Why Do Cranes Fall Down?

Because someone botched a jump.

A crane collapse on Manhattan’s Upper East Side

A crane collapsed on Manhattan’s Upper East Side Friday morning, damaging a high-rise apartment building and killing its operator and another construction worker. The collapse follows fatal crane accidents earlier this spring in New York City, Miami, and Annapolis, Md. Why do cranes fall over?

Because of oversize loads or mishaps during assembly. Between 1997 and 2006, there was an average of about 82 crane-related fatalities a year, according to the most recent data (PDF) from the Bureau of Labor Statistics. But most of these had nothing to do with a crane tipping over: One analysis (PDF) determined that roughly 60 percent of all these deaths occur when someone is either struck by a load or electrocuted. The cranes that do fall over tend to be of the smaller, mobile variety—as opposed to gigantic, fixed-tower cranes like those involved in both New York City accidents. In general, mobile cranes tend to fall over because of overly heavy loads, while tower cranes usually collapse in the course of being assembled, taken apart, or extended.

The deadly collapse of a tower crane in March, for example, occurred as workers in midtown Manhattan were preparing to “jump” the crane—i.e., to attach additional pieces to make it taller. Investigators believe that a steel collar used to connect the crane’s tower to the neighboring apartments broke through the nylon slings that held it during assembly and slipped down into a pair of supports farther below. In the Miami accident, too, a 20-foot-long piece fell off during a bungled crane jump. (As of this writing, the cause of Friday’s collapse has not been determined.)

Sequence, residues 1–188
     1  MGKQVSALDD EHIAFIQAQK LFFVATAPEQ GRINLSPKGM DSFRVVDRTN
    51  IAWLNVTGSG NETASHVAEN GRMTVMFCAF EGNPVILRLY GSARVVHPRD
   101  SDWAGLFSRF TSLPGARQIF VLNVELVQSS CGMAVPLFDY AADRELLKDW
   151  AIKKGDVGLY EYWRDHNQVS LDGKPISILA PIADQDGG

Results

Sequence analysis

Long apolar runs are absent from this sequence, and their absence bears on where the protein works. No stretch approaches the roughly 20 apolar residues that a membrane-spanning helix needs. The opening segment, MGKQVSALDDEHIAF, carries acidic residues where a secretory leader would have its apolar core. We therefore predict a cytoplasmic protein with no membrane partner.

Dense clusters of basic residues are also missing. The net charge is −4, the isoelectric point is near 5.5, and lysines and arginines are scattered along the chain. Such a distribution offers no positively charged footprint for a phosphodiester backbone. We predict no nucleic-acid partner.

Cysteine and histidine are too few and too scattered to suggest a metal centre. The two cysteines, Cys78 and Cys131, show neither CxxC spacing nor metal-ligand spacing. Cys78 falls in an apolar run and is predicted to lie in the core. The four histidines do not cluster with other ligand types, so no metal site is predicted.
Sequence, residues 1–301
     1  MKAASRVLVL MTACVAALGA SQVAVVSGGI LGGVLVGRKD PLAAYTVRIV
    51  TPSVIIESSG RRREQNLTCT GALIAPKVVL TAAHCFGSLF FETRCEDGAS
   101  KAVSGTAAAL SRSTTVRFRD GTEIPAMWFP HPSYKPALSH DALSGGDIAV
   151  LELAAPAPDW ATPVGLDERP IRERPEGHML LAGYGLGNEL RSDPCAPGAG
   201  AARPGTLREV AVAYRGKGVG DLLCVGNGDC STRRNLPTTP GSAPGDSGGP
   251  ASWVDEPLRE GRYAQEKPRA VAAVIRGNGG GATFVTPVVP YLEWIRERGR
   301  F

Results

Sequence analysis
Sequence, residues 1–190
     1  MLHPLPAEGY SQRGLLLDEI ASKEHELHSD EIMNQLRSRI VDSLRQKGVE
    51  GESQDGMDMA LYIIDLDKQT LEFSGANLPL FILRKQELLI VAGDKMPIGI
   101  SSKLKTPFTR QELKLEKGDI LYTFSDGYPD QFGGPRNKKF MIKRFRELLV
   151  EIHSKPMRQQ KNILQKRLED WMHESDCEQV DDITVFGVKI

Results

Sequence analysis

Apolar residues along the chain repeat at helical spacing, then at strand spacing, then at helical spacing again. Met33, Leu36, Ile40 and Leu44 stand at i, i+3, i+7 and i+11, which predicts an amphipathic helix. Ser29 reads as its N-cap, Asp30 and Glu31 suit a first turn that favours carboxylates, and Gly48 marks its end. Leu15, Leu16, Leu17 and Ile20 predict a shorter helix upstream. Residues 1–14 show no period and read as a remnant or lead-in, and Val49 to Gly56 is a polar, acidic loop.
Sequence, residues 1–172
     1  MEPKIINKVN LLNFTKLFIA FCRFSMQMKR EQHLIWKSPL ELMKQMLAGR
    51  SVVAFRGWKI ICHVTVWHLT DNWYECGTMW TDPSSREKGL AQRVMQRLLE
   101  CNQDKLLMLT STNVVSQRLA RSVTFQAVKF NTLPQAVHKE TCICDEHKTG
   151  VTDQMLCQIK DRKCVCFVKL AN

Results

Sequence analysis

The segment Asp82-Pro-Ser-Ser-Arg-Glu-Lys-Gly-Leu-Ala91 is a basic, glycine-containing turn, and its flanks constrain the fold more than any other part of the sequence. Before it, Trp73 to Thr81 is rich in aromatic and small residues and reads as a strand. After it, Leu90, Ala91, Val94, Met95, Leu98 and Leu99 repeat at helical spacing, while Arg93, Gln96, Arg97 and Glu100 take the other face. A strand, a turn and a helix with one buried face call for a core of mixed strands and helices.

Mobile cranes, on the other hand, are more likely to tip while they are being operated—particularly if they are carrying a load that is too big. Crane operators use a load chart specifying the maximum weight that a given crane can hold, given the length of the boom and the angle at which it is extended; accidents often occur when an operator either doesn’t follow the load chart or is given an erroneous reading of the load’s weight. According to one estimate, the rate of crane “upsets” is about one in every 10,000 hours of use.

In some cases, a crane can’t handle a heavy load because its outriggers—external supports that anchor it to the ground—are faulty or aren’t secured to firm terrain. Wind can also complicate matters: An enormous crane known as “Big Blue” fell in 1999 during the construction of Milwaukee’s Miller Park as it attempted to raise a heavy roof panel in gusts of more than 30 mph.

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Explainer thanks James Beavers of the University of Tennessee, Graham Brent of the National Commission for the Certification of Crane Operators, Michael McCann of CPWR-The Center for Construction Research and Training, and Bernard Ross of Exponent.